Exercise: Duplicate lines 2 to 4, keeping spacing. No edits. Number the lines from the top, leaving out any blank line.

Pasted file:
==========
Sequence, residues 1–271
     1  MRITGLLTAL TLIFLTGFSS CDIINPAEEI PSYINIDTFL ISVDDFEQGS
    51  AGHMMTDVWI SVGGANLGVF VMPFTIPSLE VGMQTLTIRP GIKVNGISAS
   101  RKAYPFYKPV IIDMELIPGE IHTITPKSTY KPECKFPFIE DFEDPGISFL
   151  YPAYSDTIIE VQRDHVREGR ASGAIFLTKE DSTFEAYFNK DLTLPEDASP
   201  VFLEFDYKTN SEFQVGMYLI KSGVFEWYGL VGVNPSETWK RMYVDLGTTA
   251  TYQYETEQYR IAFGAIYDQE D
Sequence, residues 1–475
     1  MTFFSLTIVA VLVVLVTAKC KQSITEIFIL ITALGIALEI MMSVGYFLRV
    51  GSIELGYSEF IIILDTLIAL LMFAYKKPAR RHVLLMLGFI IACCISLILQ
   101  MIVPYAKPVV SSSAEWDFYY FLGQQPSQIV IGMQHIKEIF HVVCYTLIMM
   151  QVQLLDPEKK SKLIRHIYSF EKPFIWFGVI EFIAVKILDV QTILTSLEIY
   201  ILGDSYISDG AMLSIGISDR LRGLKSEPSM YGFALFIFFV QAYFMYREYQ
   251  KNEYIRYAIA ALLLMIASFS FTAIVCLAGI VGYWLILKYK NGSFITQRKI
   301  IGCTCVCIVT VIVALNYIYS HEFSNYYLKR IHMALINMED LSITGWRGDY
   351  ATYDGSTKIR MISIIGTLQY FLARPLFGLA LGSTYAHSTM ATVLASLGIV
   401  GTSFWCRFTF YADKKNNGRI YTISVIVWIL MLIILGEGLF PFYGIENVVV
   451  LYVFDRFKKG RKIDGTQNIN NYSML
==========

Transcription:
     1  MRITGLLTAL TLIFLTGFSS CDIINPAEEI PSYINIDTFL ISVDDFEQGS
    51  AGHMMTDVWI SVGGANLGVF VMPFTIPSLE VGMQTLTIRP GIKVNGISAS
   101  RKAYPFYKPV IIDMELIPGE IHTITPKSTY KPECKFPFIE DFEDPGISFL